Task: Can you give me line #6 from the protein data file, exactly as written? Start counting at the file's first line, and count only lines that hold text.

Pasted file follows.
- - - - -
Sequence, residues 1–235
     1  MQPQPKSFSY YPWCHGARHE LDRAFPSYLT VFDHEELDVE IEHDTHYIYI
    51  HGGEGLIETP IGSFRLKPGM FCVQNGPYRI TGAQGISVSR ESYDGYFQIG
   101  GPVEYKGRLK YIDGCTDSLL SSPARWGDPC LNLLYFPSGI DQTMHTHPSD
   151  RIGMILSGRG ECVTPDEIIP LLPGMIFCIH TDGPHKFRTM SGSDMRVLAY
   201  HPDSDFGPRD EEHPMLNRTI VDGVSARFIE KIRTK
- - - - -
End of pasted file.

   201  HPDSDFGPRD EEHPMLNRTI VDGVSARFIE KIRTK